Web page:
2.      Plan the battle. Have an idea of where you want your fish to go, where you don’t want your fish to go, and where you want to land your fish.

3.      Breathe. It’s important. Not only to sustain life, but to keep you loose. If you stiffen up, you will tighten your grip, overload the rod and tippet, and break the fish off.  So when you hook into a big one, take a deep breath and calm down. Then keep breathing.

4.      Use the rod. Tenkara rods have a sweet spot, a perfect bend that will do the work for you. If you excessively close or open that bend, you’ll loose the fish, maybe your fly, and perhaps your rod. For example, when a fish runs away from you, prevent that perfect bend from opening by tucking the handle low and away from you.

5.      Be a man. Or a woman. Either way, don’t be a tree. Don’t root yourself in one spot and refuse to move. We see anglers do this too often. I’m not asking you to run the Boston marathon here. Just use your legs a bit and go with the fish. After all, you know the water now, right?

6.      Steer the fish. Yes, it can be done. Not always. But most of the time.  A fish will want to move away from the perceived direction of harm, or the direction of pull from your line. The long length of your tenkara rod allows you to effectively change the direction of pull. If you don’t like the direction your fish is going, drop your rod tip to one side. Keep changing the angle of your rod tip until your fish decides to turn in a better direction. You planned the battle. Now, execute your plan.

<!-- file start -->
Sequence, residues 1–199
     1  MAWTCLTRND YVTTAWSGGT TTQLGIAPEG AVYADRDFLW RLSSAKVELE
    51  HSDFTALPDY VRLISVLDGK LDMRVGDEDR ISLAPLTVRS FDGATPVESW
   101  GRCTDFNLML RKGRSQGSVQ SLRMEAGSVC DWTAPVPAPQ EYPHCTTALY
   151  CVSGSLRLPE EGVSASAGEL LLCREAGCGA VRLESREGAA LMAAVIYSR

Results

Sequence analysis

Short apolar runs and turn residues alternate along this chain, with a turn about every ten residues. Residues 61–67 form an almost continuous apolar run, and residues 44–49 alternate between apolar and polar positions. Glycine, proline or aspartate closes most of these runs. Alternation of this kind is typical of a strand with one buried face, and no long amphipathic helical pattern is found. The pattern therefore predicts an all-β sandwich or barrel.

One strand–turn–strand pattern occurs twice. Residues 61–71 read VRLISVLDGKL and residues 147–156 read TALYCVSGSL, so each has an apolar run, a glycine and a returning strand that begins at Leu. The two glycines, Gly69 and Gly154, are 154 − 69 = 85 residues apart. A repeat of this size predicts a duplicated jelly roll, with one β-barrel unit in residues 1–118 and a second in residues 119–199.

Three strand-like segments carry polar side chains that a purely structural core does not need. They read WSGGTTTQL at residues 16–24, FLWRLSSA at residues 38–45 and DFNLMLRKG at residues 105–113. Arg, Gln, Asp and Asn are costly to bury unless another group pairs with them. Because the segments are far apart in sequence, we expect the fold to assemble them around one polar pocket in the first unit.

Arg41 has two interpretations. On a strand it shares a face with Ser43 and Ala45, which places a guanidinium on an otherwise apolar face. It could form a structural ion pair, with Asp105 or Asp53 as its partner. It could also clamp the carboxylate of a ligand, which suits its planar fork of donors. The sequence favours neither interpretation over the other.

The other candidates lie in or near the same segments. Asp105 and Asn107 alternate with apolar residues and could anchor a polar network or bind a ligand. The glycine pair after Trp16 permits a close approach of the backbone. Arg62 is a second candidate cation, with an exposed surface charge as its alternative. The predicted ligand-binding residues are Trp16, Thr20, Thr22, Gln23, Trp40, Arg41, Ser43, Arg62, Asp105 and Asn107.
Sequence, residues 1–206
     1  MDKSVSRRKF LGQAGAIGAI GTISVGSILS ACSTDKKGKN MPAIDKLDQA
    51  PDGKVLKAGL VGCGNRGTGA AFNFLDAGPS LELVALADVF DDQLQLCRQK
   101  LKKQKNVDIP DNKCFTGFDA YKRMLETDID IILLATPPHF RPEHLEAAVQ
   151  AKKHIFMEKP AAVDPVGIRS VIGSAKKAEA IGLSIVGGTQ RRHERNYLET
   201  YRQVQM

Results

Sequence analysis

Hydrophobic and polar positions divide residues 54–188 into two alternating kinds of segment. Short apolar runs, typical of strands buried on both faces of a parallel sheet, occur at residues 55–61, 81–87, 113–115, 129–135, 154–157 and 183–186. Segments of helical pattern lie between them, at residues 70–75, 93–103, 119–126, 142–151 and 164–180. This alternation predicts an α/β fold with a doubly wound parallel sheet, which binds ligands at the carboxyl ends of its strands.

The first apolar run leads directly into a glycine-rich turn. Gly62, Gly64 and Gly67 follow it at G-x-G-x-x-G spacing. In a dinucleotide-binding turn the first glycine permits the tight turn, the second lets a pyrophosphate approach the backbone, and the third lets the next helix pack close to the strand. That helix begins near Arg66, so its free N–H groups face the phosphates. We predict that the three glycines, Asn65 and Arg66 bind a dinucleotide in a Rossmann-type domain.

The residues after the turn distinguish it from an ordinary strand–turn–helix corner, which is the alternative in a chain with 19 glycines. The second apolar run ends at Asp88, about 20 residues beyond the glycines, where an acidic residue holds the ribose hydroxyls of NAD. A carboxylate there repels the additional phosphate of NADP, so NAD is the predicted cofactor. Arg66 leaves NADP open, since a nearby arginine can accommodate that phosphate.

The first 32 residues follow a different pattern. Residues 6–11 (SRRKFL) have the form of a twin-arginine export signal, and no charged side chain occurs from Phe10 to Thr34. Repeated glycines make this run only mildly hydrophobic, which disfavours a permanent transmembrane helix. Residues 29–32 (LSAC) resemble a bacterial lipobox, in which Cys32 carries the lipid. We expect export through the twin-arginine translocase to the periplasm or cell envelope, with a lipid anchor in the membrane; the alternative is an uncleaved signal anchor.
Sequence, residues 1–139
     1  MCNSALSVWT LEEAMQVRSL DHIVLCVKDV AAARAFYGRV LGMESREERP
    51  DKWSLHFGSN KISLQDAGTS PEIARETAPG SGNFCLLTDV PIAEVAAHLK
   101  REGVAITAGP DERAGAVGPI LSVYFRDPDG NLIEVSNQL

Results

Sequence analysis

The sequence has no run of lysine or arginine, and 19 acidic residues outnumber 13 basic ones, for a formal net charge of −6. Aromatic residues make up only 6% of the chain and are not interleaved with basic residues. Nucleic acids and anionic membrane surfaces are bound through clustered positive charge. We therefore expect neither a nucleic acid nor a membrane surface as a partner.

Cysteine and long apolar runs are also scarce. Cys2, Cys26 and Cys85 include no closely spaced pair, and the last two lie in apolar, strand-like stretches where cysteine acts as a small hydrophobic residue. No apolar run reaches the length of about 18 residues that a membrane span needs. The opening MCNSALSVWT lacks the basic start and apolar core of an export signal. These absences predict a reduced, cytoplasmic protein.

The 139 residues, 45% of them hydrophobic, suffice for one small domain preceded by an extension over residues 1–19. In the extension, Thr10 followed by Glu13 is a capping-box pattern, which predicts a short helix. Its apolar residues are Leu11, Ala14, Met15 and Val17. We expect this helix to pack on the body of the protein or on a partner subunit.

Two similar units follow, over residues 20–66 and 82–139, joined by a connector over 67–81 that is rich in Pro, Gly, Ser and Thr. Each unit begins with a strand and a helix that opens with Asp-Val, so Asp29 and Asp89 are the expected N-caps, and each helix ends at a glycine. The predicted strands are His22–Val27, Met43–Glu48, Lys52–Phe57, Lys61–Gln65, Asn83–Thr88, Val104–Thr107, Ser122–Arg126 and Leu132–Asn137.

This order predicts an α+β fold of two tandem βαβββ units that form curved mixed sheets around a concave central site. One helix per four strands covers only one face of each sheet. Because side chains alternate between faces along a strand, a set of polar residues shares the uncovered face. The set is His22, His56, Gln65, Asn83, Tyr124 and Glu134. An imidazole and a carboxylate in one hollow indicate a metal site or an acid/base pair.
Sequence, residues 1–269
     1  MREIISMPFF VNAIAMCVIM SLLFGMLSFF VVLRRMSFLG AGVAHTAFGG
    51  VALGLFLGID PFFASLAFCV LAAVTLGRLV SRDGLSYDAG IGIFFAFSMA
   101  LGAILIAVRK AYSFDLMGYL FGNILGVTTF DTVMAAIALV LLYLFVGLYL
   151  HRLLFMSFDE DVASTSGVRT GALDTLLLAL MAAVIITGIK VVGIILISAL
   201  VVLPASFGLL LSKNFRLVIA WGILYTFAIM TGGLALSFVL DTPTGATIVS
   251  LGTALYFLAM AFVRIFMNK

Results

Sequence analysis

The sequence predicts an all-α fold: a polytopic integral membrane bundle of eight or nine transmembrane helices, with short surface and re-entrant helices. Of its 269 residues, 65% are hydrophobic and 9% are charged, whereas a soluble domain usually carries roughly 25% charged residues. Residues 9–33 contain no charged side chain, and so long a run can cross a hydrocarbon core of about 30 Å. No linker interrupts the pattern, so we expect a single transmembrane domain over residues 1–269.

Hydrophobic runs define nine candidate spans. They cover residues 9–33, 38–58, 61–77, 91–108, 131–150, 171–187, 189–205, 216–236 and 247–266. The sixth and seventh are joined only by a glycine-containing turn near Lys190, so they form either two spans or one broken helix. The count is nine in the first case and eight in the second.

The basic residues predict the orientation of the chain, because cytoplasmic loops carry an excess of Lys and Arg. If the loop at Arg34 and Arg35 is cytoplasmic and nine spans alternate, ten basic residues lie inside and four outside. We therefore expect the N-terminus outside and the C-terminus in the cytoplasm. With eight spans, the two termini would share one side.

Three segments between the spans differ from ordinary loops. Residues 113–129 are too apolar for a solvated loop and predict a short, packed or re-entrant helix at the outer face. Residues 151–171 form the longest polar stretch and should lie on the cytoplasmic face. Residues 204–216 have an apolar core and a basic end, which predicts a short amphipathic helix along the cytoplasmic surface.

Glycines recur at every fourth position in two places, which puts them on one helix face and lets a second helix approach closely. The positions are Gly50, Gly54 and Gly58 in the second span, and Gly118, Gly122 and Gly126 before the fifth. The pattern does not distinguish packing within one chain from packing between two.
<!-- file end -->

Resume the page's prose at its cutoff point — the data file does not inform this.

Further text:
7.      Be like water. I’m borrowing that phrase from my partner, John. You want to be fluid, like water, and conform to your surroundings. When your opponent is strong, give ground. When your opponent is weak, advance. This is important throughout the fight. It is most important when hand lining.  You never want to let the line go slack. But you can certainly give a little line. If your fish runs, you can even transition him back onto the rod. You’re still breathing, right?

8.      Smile. You’re fishing. Whether your catching fish measuring 6cm or 60, fishing is fun. Don’t get discouraged if you loose a fish. The fun is in the act, not the end point. 

big fish tenkara Utah rainbow